“She’s just full of love and light. Always willing to help anyone.” said Moriah Brocar, of her daughter Stormie Callison.
Those who knew Stormie say her 21 years of life were filled with joy.
“[She was the] type of person that would just take the shirt off her back. Kind of light up a room. Lovely personality, she loved everybody.” said her father, Brian Callison.
Callison’s parents say she was a military brat, who lived glitter and pink. Thursday, flanked by relatives and friends, they wore that same color to the Williamson County Courthouse — as they faced Archie Rogers, the man who has confessed to killing Stormie. Rogers was in court working to have his bond lowered.
“To know that somebody could kill somebody, confess to it, and then be free for a year or two, while waiting trial is, it’s crazy to me.” said Brian Callison.
Court documents show that in January 2019, Callison and Rogers met on an adult website. The two met at Rogers’ home in Bartlett, Texas. Rogers told a detective the two had a dispute over money, and that he “freaked out,” fatally shooting Callison in the leg and head.
Months later, Rogers wants his $500,000 bond reduced.
“The day that I found out that it could possibly be lowered I felt… shock disbelief and then it turned to, this isn’t right. No citizen in the State of Texas should feel this ever — should ever go through this.” Brocar said.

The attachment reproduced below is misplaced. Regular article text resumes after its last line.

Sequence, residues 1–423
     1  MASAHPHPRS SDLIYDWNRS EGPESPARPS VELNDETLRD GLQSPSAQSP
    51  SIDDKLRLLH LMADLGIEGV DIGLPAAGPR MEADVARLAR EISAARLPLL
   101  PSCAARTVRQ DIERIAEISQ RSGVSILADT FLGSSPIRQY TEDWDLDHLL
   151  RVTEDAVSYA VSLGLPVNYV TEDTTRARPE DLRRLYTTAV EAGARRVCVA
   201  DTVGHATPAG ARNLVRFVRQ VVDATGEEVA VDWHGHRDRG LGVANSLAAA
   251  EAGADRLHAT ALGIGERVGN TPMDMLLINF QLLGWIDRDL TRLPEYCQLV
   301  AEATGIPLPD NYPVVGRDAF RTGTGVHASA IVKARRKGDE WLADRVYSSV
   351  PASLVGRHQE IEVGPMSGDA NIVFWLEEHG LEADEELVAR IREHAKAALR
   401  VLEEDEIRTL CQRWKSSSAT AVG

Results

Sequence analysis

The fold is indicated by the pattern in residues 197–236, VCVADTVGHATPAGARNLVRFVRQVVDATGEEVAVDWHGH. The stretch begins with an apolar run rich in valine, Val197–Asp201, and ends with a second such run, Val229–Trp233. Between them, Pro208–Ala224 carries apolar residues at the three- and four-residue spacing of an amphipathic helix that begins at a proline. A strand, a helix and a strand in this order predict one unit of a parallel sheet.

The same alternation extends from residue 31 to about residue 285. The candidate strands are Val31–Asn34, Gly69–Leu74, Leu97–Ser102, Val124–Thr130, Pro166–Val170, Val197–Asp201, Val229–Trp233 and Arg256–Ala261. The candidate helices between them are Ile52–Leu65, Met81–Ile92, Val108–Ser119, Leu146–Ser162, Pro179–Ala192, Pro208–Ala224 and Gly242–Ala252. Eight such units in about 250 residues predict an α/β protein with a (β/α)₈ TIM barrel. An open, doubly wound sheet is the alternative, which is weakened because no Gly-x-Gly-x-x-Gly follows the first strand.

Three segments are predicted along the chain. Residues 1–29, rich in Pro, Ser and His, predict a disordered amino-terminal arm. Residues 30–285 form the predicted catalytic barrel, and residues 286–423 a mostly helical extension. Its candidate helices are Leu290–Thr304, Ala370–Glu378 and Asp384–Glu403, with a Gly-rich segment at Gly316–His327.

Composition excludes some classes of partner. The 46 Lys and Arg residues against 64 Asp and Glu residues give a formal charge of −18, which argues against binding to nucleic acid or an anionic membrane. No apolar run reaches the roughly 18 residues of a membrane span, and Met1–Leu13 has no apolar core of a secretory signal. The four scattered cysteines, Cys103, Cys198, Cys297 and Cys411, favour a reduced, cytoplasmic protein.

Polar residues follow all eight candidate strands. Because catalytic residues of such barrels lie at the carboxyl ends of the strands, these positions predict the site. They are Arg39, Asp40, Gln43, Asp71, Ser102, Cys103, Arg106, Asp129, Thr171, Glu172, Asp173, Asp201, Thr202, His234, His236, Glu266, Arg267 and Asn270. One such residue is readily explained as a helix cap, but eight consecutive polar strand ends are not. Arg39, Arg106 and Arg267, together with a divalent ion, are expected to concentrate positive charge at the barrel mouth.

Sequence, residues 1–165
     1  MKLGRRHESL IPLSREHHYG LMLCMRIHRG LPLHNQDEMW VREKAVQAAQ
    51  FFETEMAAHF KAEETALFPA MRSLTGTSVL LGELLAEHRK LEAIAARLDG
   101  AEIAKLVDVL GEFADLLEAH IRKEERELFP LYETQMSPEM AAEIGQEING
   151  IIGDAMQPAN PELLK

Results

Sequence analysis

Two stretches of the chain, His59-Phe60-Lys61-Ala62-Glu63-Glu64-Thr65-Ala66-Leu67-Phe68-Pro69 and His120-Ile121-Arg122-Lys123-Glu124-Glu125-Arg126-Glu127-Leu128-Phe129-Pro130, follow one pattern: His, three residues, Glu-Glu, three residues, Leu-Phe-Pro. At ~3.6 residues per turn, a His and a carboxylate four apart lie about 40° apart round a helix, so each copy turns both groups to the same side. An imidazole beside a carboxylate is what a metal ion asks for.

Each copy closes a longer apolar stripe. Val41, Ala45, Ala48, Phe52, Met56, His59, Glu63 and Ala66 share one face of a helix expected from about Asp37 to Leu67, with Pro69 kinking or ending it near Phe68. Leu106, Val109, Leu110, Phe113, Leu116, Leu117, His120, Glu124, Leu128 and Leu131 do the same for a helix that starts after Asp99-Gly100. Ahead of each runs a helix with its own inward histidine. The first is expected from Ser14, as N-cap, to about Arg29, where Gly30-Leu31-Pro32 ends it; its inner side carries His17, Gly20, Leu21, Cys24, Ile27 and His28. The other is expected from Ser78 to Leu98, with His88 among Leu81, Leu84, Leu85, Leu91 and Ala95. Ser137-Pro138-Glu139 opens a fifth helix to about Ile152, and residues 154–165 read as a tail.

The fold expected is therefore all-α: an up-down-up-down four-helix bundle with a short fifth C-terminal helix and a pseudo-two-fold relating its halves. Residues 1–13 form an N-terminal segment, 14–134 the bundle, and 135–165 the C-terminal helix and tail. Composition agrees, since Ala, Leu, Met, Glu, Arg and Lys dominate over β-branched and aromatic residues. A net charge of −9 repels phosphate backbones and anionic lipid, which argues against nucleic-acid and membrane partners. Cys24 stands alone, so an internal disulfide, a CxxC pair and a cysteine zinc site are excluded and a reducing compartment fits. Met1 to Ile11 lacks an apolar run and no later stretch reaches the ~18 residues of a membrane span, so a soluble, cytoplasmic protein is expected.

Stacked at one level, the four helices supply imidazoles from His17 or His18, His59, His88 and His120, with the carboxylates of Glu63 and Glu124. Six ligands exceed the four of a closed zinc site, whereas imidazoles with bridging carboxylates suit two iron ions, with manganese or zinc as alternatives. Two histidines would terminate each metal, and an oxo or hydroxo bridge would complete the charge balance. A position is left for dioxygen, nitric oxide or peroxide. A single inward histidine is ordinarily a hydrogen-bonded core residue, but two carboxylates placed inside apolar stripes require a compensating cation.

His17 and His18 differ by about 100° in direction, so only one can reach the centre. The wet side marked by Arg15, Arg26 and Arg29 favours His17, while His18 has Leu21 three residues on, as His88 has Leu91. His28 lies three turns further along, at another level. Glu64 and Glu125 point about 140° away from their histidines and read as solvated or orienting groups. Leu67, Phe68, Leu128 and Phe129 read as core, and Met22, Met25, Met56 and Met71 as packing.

Now, she wants to ensure no other families do experience what her family is going through. She is pushing for “Stormie’s law.”
“If you’ve taken a life and you’ve confessed to it, you no longer have that right to walk free among us.” she said.
Brocar is circulating a petition that over 2,600 people have signed. She says she knows it is unlikely the law will make much progress this year — but she’s in it for the long haul.
“I don’t want our daughters death to be in vain. And if we can save law abiding citizens of the State of Texas from having to experience what we’re experiencing firsthand, even just one, it’s worth it to me.”